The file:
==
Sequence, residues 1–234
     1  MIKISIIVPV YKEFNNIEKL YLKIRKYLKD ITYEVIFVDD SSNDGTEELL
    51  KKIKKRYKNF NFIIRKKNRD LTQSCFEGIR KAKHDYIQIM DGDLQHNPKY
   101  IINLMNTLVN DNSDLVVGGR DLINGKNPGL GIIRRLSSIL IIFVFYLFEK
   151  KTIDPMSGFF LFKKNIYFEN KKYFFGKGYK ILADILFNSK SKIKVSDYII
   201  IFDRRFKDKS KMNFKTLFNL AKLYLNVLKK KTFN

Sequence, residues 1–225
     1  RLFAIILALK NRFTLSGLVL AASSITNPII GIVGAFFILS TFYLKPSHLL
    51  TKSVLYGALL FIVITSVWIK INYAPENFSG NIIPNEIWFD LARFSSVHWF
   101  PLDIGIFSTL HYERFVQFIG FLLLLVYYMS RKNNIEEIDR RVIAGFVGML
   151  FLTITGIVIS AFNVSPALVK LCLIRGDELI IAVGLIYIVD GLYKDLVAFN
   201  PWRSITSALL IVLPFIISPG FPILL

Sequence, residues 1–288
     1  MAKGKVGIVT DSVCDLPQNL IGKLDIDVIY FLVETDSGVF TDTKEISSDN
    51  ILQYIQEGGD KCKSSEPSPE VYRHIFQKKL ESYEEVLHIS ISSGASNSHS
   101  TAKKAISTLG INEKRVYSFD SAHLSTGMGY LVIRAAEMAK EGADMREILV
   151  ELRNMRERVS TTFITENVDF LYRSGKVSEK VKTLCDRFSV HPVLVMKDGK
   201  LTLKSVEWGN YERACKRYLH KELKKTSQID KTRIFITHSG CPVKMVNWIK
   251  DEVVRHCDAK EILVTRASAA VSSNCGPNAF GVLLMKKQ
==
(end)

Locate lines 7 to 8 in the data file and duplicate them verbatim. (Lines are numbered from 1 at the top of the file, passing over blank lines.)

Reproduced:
Sequence, residues 1–225
     1  RLFAIILALK NRFTLSGLVL AASSITNPII GIVGAFFILS TFYLKPSHLL